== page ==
Interview by Gary Radice
: Added 2003
At the end of 2001, Rick Davis (Chairman of the Darkride and Funhouse Enthusiasts - DAFE) made a trip to Kennywood to peruse their archives in search of material for future articles for the DAFE publication Barrel O' Fun and for the Daffy Klub web site.
That one day visit eventually stretched into six days! Kennywood has a hidden 'treasure chest' of material not only of Kennywood itself, but also many other parks, including Blackpool Pleasure Beach. (Rick has spent  approximately 11 days in the archive since that first trip and on a couple of occasions had the assistance of Sarah Windisch and Pam Lytle, both DAFE members, Pittsburgh residents and long time Kennywood goers.)
Both Kennywood and Blackpool Pleasure Beach have a history of preserving many of the rides from the early 20th century that have long since been retired from other amusement parks. Both parks have had a good working relationship over the years as well as a long time friendship among the owners.
In Rick's own words, the difficulty in researching the archive was in not being distracted by the many old catalogues, flyers, and blueprints of roller coasters and other attractions. Needless to say, Rick admits to being distracted many times. As he said at the time:
"Who could resist looking at photos of the Three Stooges at Kennywood?!"
Here in ARKive several letters sent between the management of both parks (and found in the Kennywood archives) are showcased. In ARKive Gallery, drawings of the Noah's Ark at Blackpool (also found in the archives at Kennywood) are showcased.
"Thank you Kennywood and thank you Blackpool for having the forethought to save this material for fans to enjoy!"  (Rick Davis)
themagiceye: Rick, what is the purpose of DAFE and what are its goals?
Rick Davis: DAFE (pronounced 'daffy', pun intended) is the only known active darkride and funhouse enthusiast group in the US (possibly the world).
DAFE was founded in 2000 by myself, my wife Sue Davis and Joel Styer. It is not a business but rather a non profit organisation run by a group of enthusiasts who are all volunteers. DAFE and its members are devoted to enjoying, promoting, researching, and documenting attractions related to funhouses and darkrides. We also aid in the preservation and restoration of the attractions, support and promote the parks and dark attraction industry and enjoy the attractions that remain today.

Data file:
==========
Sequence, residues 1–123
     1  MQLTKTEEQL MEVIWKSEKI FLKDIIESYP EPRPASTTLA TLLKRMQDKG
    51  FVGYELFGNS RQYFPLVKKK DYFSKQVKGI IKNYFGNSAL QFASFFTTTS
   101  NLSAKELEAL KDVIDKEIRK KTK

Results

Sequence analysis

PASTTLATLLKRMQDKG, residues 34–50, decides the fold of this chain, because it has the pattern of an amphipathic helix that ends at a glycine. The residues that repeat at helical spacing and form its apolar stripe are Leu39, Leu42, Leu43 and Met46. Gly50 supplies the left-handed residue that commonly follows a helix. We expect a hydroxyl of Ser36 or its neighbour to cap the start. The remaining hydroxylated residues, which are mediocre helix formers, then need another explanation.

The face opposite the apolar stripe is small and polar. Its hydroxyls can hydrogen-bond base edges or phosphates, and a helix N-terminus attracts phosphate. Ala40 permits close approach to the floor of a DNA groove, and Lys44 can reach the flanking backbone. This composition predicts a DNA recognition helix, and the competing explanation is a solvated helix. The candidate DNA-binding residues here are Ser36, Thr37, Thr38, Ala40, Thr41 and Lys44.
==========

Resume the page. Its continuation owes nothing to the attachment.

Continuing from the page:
There are approximately 280 members worldwide as at 2005 with ages ranging from 2-90. (The old timer is non other than Bill Cassidy of Pretzel fame, our first honorary member.) Other members include several amusement parks and manufacturers.
What inspired DAFE's creation? 

Childhood memories, the uniqueness of the attractions, the loss of classic attractions and the inspiration of other groups.

Exactly how big are the Kennywood archives?
Kennywood's Archive is actually a tiny room in the basement of the administration building. No heat and just one bare bulb for illumination!
It contains a large wooden set of shelves on which the larger items are stored, two filing cabinets containing three ring binders full of photos for the 1900s to today and one metal cabinet filled with nothing but newspaper clippings dating back to the twenties or so.
Some of the paper is extremely fragile and crumbles at the touch. Interestingly, age has only a little to do with the problem. Some of the older material is in better shape that items 20 years newer. Apparently, the grade of newsprint is the key.

At one time, the room also held a treasure trove of blueprints, some dating to the twenties. They unfortunately were sent to the maintenance department (I believe) two years ago. (After I learned about the move, I found access to a digital blueprint scanner!)

Who is in charge of the archives there?
Marie Riles

Rick, can anyone view the Kennywood archives?

No, unfortunately very few people have been given access to the room for obvious reasons. But  Kennywood is usually good about providing information and photos for legitimate writers. Of course, this is during the off season as the archive curator works in operations when the park is open for the year.